Figuring Out Your Business Taxes

Think you’re ready for tax time? Take the test.

The type of business will determine the type of taxes that will be required to be remitted. Here is a list of considerations.

Income Taxes

You know this tax — it gives the government a share of your net income. Generally, all businesses must file an annual income tax return. The forms that the business will be required to file will depend on how the business is organized. Businesses organized as C Corporations generally will pay the income tax at the entity level. However, businesses organized as pass-through entities (such as S Corporations and Partnerships), generally, pass through the income tax liability to the individual shareholders.

Payroll Taxes

For employers with employees, the company must withhold and pay certain taxes on behalf of its employees. The following types of payroll taxes may be required: Social Security and Medicare taxes, federal and state income tax, and federal unemployment tax.

The Federal Insurance Contributions Act regulates the collection of Social Security and Medicare taxes. Employers must withhold Social Security tax and Medicare tax. There is a salary ceiling above which no more Social Security is collected, and it is typically adjusted every year. There is no limit on the number of wages subject to the 1.45 percent Medicare tax.

Income tax withholding is based on the withholding conditions the employee states on his or her W-4 form, the employee’s taxable wages, and the taxing authorities’ withholding table that matches the employee’s situation.

Payroll taxes and withholdings are held in trust by the business until the business makes the required tax deposits. Failure to collect, truthfully account for, and pay these taxes can result in large penalties and is not dischargeable in bankruptcy. The fines and penalties can be up to a $10,000 fine or five years in prison, or both.

Excise Taxes

If a business manufactures or sells certain goods the company may have to pay federal or state excise taxes. These are basically extra taxes for the use or consumption of certain products. Some manufacturers or resellers include these “duties” in the price of the product (such as with cigarettes and gasoline). Businesses pay excise taxes on such things as ozone-depleting chemicals and fuel, and purchases of trucks, trailers, and semitrailers, and sport fishing equipment, for example.

Self-Employment Tax

You should first know that individuals who work for themselves and have net earnings of $400 or more pay self-employment tax. This tax consists of two parts: Social Security taxes and Medicare taxes. As of 2021, the self-employment tax rate was 15.3 percent (12.4 percent for Social Security and 2.9 percent for Medicare).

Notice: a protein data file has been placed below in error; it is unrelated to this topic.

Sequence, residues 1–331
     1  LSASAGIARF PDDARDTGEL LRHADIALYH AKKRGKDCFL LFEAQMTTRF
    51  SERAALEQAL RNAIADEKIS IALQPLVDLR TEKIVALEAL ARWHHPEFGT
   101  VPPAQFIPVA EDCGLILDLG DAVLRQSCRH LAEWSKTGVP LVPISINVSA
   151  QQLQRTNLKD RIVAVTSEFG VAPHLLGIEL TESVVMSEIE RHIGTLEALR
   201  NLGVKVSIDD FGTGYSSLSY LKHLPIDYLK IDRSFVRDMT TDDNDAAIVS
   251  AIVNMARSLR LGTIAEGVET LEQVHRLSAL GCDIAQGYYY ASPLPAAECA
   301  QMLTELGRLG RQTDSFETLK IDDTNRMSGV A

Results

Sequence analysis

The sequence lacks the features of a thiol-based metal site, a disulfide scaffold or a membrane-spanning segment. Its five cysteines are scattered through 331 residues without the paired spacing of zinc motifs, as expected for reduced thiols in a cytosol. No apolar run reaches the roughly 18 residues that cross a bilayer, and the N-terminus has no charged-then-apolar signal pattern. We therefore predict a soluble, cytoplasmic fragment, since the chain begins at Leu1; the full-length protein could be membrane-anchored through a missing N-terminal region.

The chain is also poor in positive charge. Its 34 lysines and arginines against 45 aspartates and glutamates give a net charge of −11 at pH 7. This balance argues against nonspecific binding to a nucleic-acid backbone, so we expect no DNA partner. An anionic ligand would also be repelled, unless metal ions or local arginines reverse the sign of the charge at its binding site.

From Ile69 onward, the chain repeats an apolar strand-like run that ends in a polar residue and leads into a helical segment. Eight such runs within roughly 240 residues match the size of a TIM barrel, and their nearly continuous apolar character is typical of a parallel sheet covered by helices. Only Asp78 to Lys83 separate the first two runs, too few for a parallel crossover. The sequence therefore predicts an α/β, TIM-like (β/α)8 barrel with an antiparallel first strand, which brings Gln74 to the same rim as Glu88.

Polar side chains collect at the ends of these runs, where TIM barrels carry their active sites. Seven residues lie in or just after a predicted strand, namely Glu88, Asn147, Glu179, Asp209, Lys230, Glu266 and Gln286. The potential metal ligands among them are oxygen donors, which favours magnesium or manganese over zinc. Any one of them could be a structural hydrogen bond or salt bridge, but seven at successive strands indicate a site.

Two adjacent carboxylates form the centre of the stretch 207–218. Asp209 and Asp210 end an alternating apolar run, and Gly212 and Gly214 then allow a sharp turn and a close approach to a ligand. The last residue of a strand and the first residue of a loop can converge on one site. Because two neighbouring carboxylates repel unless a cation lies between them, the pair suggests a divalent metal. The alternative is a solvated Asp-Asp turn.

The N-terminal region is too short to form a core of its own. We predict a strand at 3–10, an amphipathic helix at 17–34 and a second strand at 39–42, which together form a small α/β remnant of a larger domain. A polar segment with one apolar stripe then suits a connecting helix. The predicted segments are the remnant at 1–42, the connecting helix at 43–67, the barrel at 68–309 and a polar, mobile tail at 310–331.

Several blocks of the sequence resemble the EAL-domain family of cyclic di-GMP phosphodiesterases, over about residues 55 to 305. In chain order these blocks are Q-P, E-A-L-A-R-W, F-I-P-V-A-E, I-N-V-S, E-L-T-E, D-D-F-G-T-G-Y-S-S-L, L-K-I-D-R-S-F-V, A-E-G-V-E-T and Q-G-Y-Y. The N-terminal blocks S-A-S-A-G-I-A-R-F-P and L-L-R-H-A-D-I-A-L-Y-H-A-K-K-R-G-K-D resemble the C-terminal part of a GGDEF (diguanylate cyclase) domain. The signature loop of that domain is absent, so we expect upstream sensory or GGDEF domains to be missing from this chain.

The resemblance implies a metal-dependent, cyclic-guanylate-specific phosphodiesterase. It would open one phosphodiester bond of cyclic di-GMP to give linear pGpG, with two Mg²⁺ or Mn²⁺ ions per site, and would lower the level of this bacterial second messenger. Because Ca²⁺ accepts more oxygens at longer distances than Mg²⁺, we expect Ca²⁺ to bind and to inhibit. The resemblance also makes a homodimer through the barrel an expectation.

Self-employment tax is calculated using Schedule SE (Form 1040), and you can deduct the employer-equivalent portion when calculating your adjusted gross income. Depending on your income, you may be required to pay estimated taxes quarterly rather than one lump sum annually.

Federal Income Tax

Employers are required to withhold federal income tax from employees’ wages, tips, and earnings using Form W-4 and Publication 15, Employer’s Tax Guide, to determine the amount. You will then deposit the withholdings on either a monthly or semiweekly schedule.

Social Security and Medicare Taxes

Social Security and Medicare taxes are determined, withheld, and deposited the same way as federal income tax. However, unlike with federal income tax, you will “match” these withholdings in accordance with the Federal Insurance Contributions Act (FICA).

Additional Medicare Tax

Starting in 2013, the IRS implemented an Additional Medicare Tax of 0.9 percent. For any income that exceeds a given employee’s designated threshold, you must begin withholding Additional Medicare Tax, starting with the pay period in which the marker has been surpassed. Thresholds are determined by the employee’s filing status. For example, if an employee files single, any income in excess of $200,000 for the tax year triggers Additional Medicare Tax. For an employee who is married and filing jointly, the threshold is $250,000.

Federal Unemployment Tax Act

The Federal Unemployment Tax Act (FUTA) requires employers to pay FUTA tax with their own funds; this tax is not withheld from employees’ pay. You will deposit your FUTA tax at the end of the month following the quarter in which it exceeds $500.

Now it’s time to start applying these concepts to real-world numbers so there are no surprises; give me a call today and I’ll gladly assist you with depositing, reporting, and filing your business taxes.

Additional Tips

Business taxes can get complicated quickly, so be sure to keep in close touch with us to make sure you’re in full compliance.